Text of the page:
Daphne Mayo

Lilian Daphne Mayo (1895-1982), sculptor, was born on 1 October 1895 at Sydney, daughter of Lila Mary (born Jaxelby) and William McArthur Mayo, insurance executive. The family moved to Brisbane where Daphne attended the Eton High School, Hamilton, before studying for a Diploma in Art Craftsmanship at the Brisbane Central Technical College in 1911-13, specialising in modelling under L. J. Harvey. In 1914 she was awarded the Wattle Day travelling art scholarship. When her departure was delayed by the outbreak of war, she attended Julian Ashton's Sydney Art School and worked with Ipswich mason Frank Williams. Arriving in London in 1919, she worked as assistant to the sculptor John Angel before her admission to the Royal Academy's Sculpture School. Upon graduation in 1923 she was awarded the Academy's gold medal for sculpture and the Edward Stott travelling scholarship. For the following two years she toured France and Italy as Royal Academy travelling scholar, beginning her travels with fellow Brisbane student Lloyd Rees, to whom she was betrothed in 1923.

Mayo returned to Brisbane in 1925 at the call of her parents and resolved to pursue an independent career in her home city. She never married. She soon received large sculptural commissions which were carved in situ, including the Brisbane City Hall tympanum, 1927-30, the Queensland Women's War Memorial, Anzac Square, 1929-32, and relief panels for the original chapel at Mt Thompson Crematorium, 1934.

She performed equally monumental feats to promote art in Queensland, suspending her sculptural work for much of 1934-35. Her vision was shared with her friend, the painter Vida Lahey. In 1927 they founded the Queensland Art Fund which purchased contemporary British works for the Queensland Art Gallery and in 1936 established the state's first art reference library. In 1931 Mayo obtained for the Queensland Art Gallery its first major monetary bequest, the Godfrey Rivers Bequest, which acquired contemporary Australian works (including William Dobell's The Cypriot), initially through prize exhibitions. Her major feat for art in Queensland was in 1935, when she led a public appeal for the 10,000 pounds to secure the John Darnell Bequest. For her public service she was awarded the Society of Artists' medal in 1938 and MBE in 1959.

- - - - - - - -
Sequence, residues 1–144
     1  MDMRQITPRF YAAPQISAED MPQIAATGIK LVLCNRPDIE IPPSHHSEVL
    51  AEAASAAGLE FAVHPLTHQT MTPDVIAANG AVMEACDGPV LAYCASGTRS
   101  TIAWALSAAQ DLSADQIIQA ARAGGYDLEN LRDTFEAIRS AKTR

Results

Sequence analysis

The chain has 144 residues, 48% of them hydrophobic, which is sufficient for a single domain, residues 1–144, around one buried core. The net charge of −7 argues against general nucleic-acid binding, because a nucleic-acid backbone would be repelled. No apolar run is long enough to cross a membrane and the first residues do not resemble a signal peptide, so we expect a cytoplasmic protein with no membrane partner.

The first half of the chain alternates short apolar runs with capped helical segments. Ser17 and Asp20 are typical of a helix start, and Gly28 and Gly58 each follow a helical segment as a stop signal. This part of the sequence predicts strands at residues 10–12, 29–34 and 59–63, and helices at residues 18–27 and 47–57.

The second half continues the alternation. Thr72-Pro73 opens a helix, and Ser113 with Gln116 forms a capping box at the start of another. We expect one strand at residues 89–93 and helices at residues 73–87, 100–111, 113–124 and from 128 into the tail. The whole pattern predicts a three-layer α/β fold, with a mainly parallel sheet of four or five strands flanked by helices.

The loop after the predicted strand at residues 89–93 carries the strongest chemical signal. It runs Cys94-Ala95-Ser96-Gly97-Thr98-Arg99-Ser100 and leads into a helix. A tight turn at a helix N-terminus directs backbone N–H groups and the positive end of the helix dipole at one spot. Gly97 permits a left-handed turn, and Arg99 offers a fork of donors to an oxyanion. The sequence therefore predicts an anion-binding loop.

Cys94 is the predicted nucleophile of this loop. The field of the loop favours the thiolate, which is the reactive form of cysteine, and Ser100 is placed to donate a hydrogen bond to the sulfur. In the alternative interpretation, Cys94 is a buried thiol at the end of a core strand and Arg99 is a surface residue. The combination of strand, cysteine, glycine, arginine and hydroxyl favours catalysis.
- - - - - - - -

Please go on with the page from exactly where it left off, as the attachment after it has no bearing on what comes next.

Mayo travelled in Europe, the United States and Canada in 1938-39 to observe modern developments in sculpture. Upon return she moved to Sydney in search of a more stimulating environment and to undertake bronze doors for the Public Library of New South Wales, 1940-42. In Sydney she also worked speculatively on small-scale sculpture and experimented with ceramics. She exhibited regularly with the Society of Artists until 1958 and, together with Lyndon Dadswell and Arthur Fleischmann, staged the Three Sculptors exhibition, 1946, Sydney's first sculpture exhibition for years. Her The Olympian was acquired in 1949 by the Felton Bequest of the National Gallery of Victoria, but she had to rely on portrait commissions as the mainstay of her later career.

Appointed the Queensland Art Gallery's first woman trustee in 1960, she resumed living in Brisbane and undertook her last large commission, a statue of Sir William Glasgow, 1961-64. Her public career of extraordinary tenacity and courage ended in 1967 when she resigned her post as Gallery trustee, voicing her disapproval of the Gallery administration. She stayed in Brisbane in her retirement whilst maintaining her Sydney studio. She died on 31 July 1982. A retrospective exhibition of Mayo's sculpture was held at the University Art Museum, Brisbane, in 1981. Her work is widely represented in Australian state and provincial galleries.

Judith McKay

Judith McKay Daphne Mayo: A Tribute to Her Work for Art in Queensland 1983.